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Friday, September 07, 2012

Comic Cuts - 7 September 2012

Two bits of good news. The Sexton Blake Annual 1938 is now shipping out so those kind folk who pre-ordered the book should see their copies next week. And the next (third) one, the 1941 annual, is finished – I'm now waiting on a proof to make sure it prints up OK. But I'll be giving your wallets a bit of recovery time... the 1941 isn't due to be released until mid-October. The fourth and final volume will follow at the end of November.

That hasn't left much time for anything else so I'm going to run with a suggestion from John Ashbrook and briefly talk about how these books are put together. I often mention that I have been cleaning up pages but I haven't posted any examples for ages. So here's a page as scanned and as it looks now:

The problem with these old annuals, particularly the annuals from any time in the 1940s, is that paper was scarce and usually recycled. By the late 1940s, the paper was often grey and shouldn't have been used for anything other than bus tickets, but publishers were desperate and would print on anything they could lay their hands on.

The annuals I am working with are printed on wartime pulp paper: they're yellow with age, there's a certain amount of foxing and damage from smoke. But even when you remove the yellow tint there are further problems. If ink doesn't adhere to the page where it's supposed to land, it doesn't disappear. It splashes onto other bits of the page.

So when I clean up a page, that's the kind of thing I'm looking at. I try to do a minimum of 30 pages a day, so that's roughly 15 minutes a page. Starting off with straightening and trimming the page, I then look over the page for major problems – on the page above that would include the damage to the box around the text, but often involves blobs of ink obscuring text, title lettering that is showing a lot of wear and tear and broken lines. These are fixed with the pencil tool, clone stamp and eraser tool. Some of the minor damage can also be fixed with filters, but I find that the filter tools can often cause more problems than they solve, so I only use them occasionally.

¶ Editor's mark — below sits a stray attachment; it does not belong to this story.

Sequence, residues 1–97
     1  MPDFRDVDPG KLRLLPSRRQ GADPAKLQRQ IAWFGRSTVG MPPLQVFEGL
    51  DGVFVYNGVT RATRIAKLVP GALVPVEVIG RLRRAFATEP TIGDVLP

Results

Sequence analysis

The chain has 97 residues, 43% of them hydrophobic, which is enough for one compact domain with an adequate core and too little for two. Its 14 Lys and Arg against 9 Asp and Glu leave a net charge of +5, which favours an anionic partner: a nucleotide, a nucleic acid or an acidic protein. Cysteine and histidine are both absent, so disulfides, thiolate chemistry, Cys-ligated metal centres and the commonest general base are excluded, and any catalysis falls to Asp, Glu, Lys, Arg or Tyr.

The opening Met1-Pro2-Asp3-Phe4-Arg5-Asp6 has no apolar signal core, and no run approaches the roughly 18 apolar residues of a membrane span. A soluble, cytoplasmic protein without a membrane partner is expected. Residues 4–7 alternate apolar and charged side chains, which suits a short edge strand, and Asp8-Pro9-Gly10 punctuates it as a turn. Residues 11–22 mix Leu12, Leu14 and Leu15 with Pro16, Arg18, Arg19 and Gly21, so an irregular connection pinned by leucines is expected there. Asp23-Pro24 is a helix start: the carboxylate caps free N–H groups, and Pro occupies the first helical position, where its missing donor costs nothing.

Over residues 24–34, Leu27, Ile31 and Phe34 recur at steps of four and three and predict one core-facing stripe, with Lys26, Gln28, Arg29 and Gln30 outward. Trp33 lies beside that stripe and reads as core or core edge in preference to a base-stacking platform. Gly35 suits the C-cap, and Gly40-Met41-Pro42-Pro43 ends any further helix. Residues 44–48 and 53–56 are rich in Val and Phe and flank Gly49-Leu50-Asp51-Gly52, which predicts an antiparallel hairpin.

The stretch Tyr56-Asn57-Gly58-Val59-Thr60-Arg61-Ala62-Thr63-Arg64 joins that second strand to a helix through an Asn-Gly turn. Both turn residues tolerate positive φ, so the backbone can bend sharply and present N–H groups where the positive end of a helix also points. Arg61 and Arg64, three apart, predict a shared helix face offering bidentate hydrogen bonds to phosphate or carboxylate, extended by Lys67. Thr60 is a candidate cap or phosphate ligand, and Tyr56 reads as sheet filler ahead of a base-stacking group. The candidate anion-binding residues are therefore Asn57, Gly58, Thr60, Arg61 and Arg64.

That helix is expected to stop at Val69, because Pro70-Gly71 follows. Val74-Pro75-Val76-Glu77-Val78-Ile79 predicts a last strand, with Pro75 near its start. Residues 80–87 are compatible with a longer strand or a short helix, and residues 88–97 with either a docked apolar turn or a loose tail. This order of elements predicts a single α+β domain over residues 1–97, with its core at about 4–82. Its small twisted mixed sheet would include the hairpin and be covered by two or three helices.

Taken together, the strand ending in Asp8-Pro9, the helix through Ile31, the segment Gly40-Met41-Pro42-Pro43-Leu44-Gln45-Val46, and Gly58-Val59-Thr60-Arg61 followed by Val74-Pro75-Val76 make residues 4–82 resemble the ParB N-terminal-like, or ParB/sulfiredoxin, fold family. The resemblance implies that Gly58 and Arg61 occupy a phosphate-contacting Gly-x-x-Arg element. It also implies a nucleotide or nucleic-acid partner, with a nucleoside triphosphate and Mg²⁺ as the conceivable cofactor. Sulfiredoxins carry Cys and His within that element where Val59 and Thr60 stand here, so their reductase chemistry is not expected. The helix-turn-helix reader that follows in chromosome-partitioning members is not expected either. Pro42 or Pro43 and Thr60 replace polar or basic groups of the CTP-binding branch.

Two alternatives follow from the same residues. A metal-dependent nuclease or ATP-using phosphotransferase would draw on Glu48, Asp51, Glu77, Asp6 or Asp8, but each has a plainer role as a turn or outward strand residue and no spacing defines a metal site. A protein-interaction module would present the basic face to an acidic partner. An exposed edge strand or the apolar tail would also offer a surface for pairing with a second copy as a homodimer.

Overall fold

I then check for damaged text, reinserting missing or damaged lettering using the clone stamp. I don't go overboard with this as most of the text is legible even if the lettering is slightly imperfect. I could tell you that it's because I want to bring that authentic look to the page, but really it's because there just isn't enough time in the world to fix every missing stroke or curve. I only have 15 minutes a page before the whole thing becomes financially ruinous. As long as the text can be read, that's fine... and in the majority of cases the page is actually quite a bit better than the printed page it was scanned from, so you're getting visual value for your money!

The original scans are 1,200 dpi, so once all 160 pages are cleaned up, I shrink them down to 300 dpi, and lay them out as a book using In Design. The printed books have an additional four pages at the beginning: a title page, a copyright page, a contents page and a blank page. These can be quickly assembled and, before you know it, you have a 164 page book as a PDF. I use the PDF tools to put in page numbering and the finished PDF is ready for the printer. The covers are prepared in the same way and these are also sent off as a PDF.

And then there's some science or magic that happens and back comes a printed book.

Random scans. For a change of pace, some Hodder Yellowbacks I found I had scans for, plus a Milestone gangster sent over by Morgan Wallace.

Next week, we continue with the highwayman adventures of Rookwood. I hope you're all enjoying Tony Weare's fantastic artwork.

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